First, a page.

The mini tourist boom in Irkutsk in the past few years has seen inevitable development, with the city’s 19th-century architectural foundation now standing side-by-side with modern restaurants, hip bars and stylish hotels. Visitors can explore the multitude of churches and monasteries throughout town, as well as a good selection of museums and art galleries. The spectacular Lake Baikal is another popular tourist hotspot, and is less than an hour’s drive from Irkutsk.
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Rich in bright gold and silver colours, this magnificent 19th-century cathedral stands proud as one of Irkutsk’s most popular religious buildings. But it’s not just the outside which is impressive; visitors are allowed inside during the day, and the exterior boasts stunning murals covering the walls and ceilings.
Constructed in the late 19th century, this impressively elaborate complex was built to honour Prince Vladimir who originally baptized Russia. Although much smaller in size, the monastery draws some similarities to the iconic St. Basil’s Cathedral in Moscow’s Red Square with its array of turrets which are capped off with bright blue tones that can be seen for miles.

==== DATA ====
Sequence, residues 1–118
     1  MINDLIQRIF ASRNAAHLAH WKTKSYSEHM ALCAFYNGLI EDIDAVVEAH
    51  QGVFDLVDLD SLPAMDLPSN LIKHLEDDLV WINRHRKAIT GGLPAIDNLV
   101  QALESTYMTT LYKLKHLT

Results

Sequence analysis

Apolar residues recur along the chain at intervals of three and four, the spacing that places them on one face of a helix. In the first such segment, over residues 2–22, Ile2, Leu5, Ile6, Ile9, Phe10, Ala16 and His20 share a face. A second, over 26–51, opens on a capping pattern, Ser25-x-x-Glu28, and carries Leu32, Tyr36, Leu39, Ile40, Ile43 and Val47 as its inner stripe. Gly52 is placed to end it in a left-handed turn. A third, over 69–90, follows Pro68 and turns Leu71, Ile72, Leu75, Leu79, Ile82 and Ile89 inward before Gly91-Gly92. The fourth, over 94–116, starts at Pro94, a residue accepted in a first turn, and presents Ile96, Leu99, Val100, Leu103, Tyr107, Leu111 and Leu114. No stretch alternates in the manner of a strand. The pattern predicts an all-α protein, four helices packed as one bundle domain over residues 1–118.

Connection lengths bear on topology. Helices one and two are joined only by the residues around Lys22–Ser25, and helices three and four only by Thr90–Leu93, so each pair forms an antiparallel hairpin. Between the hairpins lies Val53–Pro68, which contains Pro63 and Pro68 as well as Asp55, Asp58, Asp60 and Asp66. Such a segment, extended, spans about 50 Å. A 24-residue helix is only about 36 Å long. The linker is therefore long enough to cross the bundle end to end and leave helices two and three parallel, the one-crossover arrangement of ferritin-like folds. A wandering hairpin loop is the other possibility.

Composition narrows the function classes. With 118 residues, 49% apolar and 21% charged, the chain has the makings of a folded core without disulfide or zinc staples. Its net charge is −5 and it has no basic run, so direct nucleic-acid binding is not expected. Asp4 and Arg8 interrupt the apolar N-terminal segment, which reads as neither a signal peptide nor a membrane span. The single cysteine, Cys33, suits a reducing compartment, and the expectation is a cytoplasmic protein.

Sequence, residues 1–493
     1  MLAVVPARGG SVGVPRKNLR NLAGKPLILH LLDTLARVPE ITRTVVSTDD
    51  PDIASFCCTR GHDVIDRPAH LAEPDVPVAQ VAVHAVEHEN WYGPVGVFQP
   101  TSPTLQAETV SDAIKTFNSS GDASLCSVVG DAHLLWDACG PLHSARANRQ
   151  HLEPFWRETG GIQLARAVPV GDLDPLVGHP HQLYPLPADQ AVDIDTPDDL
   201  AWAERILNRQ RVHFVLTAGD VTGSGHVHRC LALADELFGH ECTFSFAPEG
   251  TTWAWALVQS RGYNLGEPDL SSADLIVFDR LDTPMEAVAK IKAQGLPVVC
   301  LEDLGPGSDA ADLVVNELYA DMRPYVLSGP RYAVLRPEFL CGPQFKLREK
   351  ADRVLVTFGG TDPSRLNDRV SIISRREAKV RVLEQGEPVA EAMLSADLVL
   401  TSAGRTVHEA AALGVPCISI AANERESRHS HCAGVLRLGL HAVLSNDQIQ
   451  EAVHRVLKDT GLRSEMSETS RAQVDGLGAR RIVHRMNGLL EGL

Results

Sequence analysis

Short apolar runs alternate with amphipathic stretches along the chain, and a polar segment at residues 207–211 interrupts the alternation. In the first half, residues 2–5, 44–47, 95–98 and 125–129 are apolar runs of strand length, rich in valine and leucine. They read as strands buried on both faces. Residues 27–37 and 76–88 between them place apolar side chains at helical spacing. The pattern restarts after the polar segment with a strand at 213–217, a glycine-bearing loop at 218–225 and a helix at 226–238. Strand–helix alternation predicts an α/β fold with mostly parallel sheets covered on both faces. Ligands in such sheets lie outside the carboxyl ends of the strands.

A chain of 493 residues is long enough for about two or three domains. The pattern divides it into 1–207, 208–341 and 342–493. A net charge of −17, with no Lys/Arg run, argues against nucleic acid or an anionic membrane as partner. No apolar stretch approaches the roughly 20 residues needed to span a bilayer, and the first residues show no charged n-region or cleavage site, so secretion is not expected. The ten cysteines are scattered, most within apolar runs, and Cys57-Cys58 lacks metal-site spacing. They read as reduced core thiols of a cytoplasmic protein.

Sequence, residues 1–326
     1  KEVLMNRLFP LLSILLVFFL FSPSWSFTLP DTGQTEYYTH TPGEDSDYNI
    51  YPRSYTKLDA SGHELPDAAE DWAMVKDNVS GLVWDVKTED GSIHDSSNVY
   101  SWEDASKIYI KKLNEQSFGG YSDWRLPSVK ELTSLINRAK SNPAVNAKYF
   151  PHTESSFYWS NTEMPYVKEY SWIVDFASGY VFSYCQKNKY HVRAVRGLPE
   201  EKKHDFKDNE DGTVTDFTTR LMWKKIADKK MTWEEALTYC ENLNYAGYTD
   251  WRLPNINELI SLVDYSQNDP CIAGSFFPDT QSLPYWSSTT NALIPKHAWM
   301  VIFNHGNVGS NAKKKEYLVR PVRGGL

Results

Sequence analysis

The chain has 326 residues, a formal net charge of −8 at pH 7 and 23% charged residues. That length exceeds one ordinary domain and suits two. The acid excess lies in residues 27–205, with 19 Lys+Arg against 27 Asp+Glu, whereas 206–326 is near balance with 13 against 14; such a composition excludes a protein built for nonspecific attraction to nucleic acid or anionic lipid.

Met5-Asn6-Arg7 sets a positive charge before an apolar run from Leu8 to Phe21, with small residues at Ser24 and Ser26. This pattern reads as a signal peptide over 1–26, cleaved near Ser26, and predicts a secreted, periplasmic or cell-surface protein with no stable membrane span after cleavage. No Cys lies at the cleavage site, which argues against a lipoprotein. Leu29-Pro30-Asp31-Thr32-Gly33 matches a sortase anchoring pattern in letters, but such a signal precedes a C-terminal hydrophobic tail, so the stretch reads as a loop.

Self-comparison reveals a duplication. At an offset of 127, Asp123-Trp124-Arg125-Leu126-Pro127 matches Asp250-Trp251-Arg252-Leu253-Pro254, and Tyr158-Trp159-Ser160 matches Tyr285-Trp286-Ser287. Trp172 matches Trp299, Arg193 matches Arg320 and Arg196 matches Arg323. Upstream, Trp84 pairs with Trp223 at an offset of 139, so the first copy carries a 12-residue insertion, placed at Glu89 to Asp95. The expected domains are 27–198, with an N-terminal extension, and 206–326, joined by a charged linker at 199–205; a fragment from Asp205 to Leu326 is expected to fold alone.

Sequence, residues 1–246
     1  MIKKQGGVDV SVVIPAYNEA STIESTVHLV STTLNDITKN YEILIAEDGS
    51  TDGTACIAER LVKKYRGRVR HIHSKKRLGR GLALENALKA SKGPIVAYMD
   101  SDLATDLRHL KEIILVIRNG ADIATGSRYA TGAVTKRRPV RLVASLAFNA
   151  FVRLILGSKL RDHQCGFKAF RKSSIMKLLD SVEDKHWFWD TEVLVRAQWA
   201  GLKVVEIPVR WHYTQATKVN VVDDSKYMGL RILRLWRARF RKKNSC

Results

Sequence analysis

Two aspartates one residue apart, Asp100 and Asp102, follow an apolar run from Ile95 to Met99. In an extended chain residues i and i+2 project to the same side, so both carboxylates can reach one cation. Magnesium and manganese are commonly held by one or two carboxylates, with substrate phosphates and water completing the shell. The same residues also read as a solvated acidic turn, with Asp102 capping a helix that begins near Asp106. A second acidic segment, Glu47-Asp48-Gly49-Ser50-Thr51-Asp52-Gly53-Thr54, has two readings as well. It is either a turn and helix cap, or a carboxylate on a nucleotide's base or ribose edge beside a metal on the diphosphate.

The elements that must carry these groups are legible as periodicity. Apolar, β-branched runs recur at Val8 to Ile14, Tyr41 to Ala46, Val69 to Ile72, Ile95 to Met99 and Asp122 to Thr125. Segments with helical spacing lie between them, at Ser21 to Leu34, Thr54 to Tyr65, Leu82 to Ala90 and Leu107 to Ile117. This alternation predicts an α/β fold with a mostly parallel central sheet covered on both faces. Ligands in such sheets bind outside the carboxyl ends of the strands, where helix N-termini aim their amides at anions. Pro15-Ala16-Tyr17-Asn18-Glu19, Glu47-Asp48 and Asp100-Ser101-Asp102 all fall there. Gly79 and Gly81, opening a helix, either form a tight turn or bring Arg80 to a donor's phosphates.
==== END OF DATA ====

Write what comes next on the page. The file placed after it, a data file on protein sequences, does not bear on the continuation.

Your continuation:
Set in a quaint 19th-century building, this popular museum houses exhibitions detailing Irkutsk’s history as well as some interesting artifacts from around Eastern Siberia. You’ll find pre-Russian wooden yurts alongside photography galleries as well as model constructions of many buildings in the city. The museum is easy to find, located in the middle of the city.
In recent years, Irkutsk has experienced something of a mini tourist boom, and one of the epicentres of it all is as at the popular ‘Ul. Uritskogo Road’. Walk down at night to see the area at its liveliest, with small shops, cute cafes and a selection of boutique guesthouses opening their doors to the passing visitors, many of whom are taking a break from their long train journey across Siberia.
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Baikal is the deepest and purest lake on the planet, a frozen sea in the heart of Siberia and an adventurer’s icy paradise of driving, helicopters, and dog sleds. From the Old Believers to the Buryat bone crushers, its shores and islands are sacred to those who call Baikal home.
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